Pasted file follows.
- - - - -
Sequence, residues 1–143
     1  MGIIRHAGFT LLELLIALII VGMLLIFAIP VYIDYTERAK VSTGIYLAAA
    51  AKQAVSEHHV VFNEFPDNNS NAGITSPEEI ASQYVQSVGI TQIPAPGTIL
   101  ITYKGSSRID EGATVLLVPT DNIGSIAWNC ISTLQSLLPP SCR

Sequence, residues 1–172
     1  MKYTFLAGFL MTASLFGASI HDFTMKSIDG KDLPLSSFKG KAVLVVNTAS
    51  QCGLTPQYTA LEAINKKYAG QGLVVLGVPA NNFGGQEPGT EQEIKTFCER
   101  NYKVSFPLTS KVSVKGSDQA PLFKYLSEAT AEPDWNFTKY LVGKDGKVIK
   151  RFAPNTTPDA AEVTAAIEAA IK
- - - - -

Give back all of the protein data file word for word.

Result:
Sequence, residues 1–143
     1  MGIIRHAGFT LLELLIALII VGMLLIFAIP VYIDYTERAK VSTGIYLAAA
    51  AKQAVSEHHV VFNEFPDNNS NAGITSPEEI ASQYVQSVGI TQIPAPGTIL
   101  ITYKGSSRID EGATVLLVPT DNIGSIAWNC ISTLQSLLPP SCR

Sequence, residues 1–172
     1  MKYTFLAGFL MTASLFGASI HDFTMKSIDG KDLPLSSFKG KAVLVVNTAS
    51  QCGLTPQYTA LEAINKKYAG QGLVVLGVPA NNFGGQEPGT EQEIKTFCER
   101  NYKVSFPLTS KVSVKGSDQA PLFKYLSEAT AEPDWNFTKY LVGKDGKVIK
   151  RFAPNTTPDA AEVTAAIEAA IK